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Rapid genome analysis provides invaluable aid for hospitalized newborns

This study presents a rapid high-throughput genome sequencing process in 30 hospitalized newborns. The team was able to reduce the time needed for this process from an average of 18 months to only a month and a half at most (38 to 49 days), thus enabling rapid diagnoses for two-thirds of the patients.

Published on 18 December 2019
Emergency sequencing of entire genomes in the neonatal period is rare, and yet the rapidity of genetic examinations is a crucial factor when diagnoses are needed in emergency settings, such as certain rare diseases discovered in the neonatal period or notable for rapid progression. Teams from the Dijon Bourgogne University Hospital, Inserm and the CEA recently carried out a pilot study called Fastgenomics on the feasibility of emergency high throughput genome sequencing within the framework of Genomic Medicine France 2025[1]. 

In their study, close to 30 newborns admitted to neonatal intensive care in eight AnDDI-rares[2] teaching hospitals benefited from emergency genomic analyses. High throughput genome sequencing and primary bioinformatics analyses for the newborns and their parents were performed at the CEA-CNRGH's sequencing facilities in partnership with the CEA's High Performance Computing Center (TGCC) and the University of Burgundy's calculations center (CCuB). The interpretation of the genome data was performed by the TRANSLAD University Hospital Federation (FHU) in close partnership with the Inserm U1231 GAD research team. The collective mobilization of these contributors enabled the delivery of analysis results in only 38 to 49 days. That time frame is particularly short compared to the current delay for genetic diagnoses in France, i.e., 18 months on average and up to five years for 25% of patients. The rapid genomic analyses led to diagnoses for two-thirds and accelerated, targeted treatments for one-third of the newborns included in the pilot study.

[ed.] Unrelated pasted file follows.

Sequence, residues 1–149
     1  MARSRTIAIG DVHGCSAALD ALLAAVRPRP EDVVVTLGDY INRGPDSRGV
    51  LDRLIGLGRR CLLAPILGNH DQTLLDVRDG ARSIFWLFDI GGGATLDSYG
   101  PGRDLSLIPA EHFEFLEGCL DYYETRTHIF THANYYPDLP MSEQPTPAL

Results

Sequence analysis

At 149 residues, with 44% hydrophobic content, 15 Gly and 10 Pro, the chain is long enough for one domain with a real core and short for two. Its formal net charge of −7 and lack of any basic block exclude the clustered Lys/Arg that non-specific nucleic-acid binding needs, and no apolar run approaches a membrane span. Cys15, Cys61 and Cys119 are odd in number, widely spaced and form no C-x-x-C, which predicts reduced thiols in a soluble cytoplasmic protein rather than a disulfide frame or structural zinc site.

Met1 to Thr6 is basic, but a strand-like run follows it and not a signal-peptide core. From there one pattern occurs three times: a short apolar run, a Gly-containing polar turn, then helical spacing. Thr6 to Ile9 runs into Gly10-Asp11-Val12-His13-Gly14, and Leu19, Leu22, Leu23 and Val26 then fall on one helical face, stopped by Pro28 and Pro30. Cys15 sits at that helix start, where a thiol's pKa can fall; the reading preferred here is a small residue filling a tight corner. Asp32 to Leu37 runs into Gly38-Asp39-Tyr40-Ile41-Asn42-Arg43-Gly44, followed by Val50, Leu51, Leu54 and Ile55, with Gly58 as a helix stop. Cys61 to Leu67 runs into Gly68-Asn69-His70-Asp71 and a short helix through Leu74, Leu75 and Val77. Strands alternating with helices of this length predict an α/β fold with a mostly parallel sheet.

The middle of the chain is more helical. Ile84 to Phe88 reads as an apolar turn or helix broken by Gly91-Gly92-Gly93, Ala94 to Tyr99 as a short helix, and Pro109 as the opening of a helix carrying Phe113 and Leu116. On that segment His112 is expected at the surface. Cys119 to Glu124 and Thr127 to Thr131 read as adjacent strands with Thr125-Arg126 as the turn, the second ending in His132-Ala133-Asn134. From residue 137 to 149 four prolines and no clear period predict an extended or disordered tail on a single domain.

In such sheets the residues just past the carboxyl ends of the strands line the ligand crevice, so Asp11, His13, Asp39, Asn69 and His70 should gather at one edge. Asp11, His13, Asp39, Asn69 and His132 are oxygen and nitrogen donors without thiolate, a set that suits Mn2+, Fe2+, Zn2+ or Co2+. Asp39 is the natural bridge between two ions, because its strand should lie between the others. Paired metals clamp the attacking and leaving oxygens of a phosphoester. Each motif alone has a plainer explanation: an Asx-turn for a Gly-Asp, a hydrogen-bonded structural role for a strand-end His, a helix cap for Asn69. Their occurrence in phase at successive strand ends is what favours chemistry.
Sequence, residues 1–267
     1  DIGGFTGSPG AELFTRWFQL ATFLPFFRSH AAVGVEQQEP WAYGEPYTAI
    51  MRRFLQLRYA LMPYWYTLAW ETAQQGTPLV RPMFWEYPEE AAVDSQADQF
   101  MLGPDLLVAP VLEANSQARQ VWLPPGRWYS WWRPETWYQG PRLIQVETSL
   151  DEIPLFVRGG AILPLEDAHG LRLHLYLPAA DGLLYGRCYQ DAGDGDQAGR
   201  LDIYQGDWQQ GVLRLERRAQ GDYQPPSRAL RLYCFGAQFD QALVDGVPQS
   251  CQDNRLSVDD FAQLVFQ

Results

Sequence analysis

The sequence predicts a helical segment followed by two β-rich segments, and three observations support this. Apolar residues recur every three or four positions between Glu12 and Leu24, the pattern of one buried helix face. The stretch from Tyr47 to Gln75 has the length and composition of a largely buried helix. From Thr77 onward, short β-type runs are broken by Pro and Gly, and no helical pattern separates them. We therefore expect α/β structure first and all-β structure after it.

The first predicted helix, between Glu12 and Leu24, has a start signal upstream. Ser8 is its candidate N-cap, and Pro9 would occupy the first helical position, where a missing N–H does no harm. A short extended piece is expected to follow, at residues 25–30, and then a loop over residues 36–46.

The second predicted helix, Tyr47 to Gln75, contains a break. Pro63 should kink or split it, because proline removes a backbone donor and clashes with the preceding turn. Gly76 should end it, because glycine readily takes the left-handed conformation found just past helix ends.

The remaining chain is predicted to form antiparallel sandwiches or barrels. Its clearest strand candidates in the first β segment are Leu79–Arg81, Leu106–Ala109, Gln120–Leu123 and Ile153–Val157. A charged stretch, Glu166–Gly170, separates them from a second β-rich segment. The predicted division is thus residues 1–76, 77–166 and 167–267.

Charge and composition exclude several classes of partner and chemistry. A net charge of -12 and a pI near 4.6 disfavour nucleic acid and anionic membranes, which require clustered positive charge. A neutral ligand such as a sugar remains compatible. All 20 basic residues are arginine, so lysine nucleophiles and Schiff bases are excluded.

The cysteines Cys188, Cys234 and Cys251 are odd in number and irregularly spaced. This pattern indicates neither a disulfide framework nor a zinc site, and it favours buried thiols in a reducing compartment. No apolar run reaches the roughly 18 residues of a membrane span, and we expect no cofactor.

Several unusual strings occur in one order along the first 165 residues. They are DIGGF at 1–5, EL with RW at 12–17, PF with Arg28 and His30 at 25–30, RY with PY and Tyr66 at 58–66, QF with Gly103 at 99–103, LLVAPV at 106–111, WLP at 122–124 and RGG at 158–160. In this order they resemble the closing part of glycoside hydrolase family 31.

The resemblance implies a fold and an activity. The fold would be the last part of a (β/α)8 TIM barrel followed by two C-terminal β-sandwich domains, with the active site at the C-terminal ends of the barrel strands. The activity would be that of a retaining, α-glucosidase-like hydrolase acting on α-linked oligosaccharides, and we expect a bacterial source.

The rapidity of those genomic analyses was made possible by next-generation technologies in high throughput DNA sequencing that enable the study of an individual's entire genome. Deployed at the CNRGH, These state of the art technologies have become tools of choice for the study of rare diseases, and have already enabled the identification of genes involved in numerous pathologies. 

[1] The Genomic Medicine France 2025 plan (PFMG2025) was launched in 2019 with the objectives of deploying high throughput sequencing facilities to enable genomic analyses for the diagnosis of rare diseases, and defining protocols for the prescription of such examinations. 
[2] National rare diseases network for diseases with somatic and cognitive development abnormalities.

The Dijon Bourgogne University Hospital, Inserm 
CEA's National Center of Human Genomics Research (CNRGH) 
​Fastgenomics project : french national health network AnDDI-rares, TRANSLAD University Hospital Federation , CNRGH anofi-Genzyme

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